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Buchanan on Keynes as an "artist" (seemed somewhat appropriate):

Keynes was the consummate artist, and his macroeconomic abstractions were comparable in boldness with those of his painter, poet, and composer peers in the world of high culture that he inhabited. Because his acknowledged purpose is to change perception rather than to explain, the artist must acknowledge the existence of competing perceptions. Further, when perception is used instrumentally for more ultimate purposes, as it was used by Keynes, there would necessarily be some allowance made for appropriately timed switches among alternative perceptions of that which is. But while Keynes may be interpreted as an artist, his economist peers were scientists. His work was being a generalizable scientific paradigm. Neither Keynes nor any of this early disciples was aware of this fundamental difference that emerges naturally between the artist and the scientist. [/blockquote]

James M. Buchanan, "Keynesian Follies," in:

Hayek on Keynes again:

“There were of course extraordinary gaps in his knowledge. His knowledge was aesthetically guided, with the result that he was completely ignorant of nineteenth-century economic history. Totally ignorant. He just disliked it.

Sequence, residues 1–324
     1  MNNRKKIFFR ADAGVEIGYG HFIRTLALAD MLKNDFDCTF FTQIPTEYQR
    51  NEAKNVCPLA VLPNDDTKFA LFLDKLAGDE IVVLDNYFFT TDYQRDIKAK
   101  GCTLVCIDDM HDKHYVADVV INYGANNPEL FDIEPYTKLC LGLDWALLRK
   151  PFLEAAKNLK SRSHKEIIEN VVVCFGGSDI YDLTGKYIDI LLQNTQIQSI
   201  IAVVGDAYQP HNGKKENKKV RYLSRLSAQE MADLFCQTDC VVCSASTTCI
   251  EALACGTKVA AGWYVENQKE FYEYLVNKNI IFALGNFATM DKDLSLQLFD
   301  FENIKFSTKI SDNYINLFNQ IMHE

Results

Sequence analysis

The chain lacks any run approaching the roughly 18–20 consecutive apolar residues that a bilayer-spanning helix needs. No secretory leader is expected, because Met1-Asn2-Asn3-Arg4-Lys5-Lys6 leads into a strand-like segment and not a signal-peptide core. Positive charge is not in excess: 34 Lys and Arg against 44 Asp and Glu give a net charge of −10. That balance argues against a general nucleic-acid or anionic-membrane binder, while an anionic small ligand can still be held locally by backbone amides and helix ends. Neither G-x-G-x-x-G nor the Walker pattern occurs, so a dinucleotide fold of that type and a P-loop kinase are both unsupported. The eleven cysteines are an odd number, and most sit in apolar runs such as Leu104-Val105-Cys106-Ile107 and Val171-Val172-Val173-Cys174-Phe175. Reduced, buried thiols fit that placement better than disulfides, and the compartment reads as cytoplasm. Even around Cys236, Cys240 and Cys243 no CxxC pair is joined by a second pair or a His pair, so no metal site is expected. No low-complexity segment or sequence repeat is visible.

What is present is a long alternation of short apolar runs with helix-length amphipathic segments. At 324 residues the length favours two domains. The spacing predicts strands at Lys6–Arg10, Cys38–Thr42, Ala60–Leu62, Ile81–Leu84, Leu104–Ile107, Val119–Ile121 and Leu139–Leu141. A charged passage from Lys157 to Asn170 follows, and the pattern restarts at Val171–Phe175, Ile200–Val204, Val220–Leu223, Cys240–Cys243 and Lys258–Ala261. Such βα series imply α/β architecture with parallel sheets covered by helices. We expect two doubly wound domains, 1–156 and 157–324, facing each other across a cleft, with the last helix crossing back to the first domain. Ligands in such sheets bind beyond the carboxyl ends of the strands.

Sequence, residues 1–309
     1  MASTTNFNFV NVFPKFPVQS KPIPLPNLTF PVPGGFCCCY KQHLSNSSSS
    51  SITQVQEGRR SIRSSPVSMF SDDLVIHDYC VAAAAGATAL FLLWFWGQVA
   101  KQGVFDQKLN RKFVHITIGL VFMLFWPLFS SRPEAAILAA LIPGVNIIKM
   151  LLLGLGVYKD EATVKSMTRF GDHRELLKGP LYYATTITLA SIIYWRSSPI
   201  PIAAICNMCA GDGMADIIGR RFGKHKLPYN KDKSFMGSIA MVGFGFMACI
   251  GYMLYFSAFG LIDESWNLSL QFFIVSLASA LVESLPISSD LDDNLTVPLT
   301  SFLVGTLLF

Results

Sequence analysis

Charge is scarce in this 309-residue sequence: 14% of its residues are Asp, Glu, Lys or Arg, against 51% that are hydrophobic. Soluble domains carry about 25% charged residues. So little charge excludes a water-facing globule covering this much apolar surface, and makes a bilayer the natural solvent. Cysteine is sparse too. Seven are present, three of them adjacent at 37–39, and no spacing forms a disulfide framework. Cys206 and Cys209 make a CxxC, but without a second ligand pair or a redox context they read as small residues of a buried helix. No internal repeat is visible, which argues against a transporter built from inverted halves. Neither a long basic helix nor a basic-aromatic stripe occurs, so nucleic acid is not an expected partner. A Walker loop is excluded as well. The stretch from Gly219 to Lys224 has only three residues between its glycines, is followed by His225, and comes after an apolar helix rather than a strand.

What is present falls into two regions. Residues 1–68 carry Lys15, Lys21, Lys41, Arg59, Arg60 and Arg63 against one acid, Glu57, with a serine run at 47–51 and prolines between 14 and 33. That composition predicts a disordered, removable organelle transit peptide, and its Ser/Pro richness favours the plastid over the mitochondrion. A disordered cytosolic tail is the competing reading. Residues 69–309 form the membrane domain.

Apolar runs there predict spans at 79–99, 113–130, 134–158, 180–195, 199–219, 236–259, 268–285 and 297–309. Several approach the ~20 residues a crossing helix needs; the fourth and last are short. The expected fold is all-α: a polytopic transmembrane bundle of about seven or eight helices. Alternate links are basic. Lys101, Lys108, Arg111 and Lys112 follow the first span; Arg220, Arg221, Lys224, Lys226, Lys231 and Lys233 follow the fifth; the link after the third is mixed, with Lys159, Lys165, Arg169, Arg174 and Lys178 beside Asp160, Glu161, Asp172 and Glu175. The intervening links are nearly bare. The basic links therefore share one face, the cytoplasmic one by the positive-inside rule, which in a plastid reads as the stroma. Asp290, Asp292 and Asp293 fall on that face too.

I had to tell him every day, not so much about economic history, but even about earlier English economists…if I had introduced him to English inflationists of the nineteenth century, that might have put him off.
…if you take his time of study, I don’t think he spent more than a year learning economics… I like to say, I liked Keynes and in many ways admired him, but do not think he was a good economist” from 'Hayek on Hayek' , 1994, pp. 92-3)

Very interesting. But what accounts for his "followship" among such logical thinkers as Samuelson, Hansen, Hicks et al.? True they patched up things but most of Keynes's doctrines remained intact in their hands. I think Hayek is once again underestimating Keynes.

...what accounts for his followship?


Ptolemy's cosmology was repeatedly 'patched up' in ways that were internally consistent until Kepler and Newton offered theories that better fit observations.

A willingness to begin at the beginning, like Smith and von Mises did, has always been rare among scholars.

With all due respect, Mario, I would suggest that if you had "Keynes" as student in a class (and you had never heard a "Keynesian" approach before) and he started to articulate the reasoning and the premises upon which he justified his "general theory," so much of it would seem so clearly counter to the core concepts of general economic theory that you would likely give him an "F." Or if generous, a "D-."

And he would deserve it.

Richard Ebeling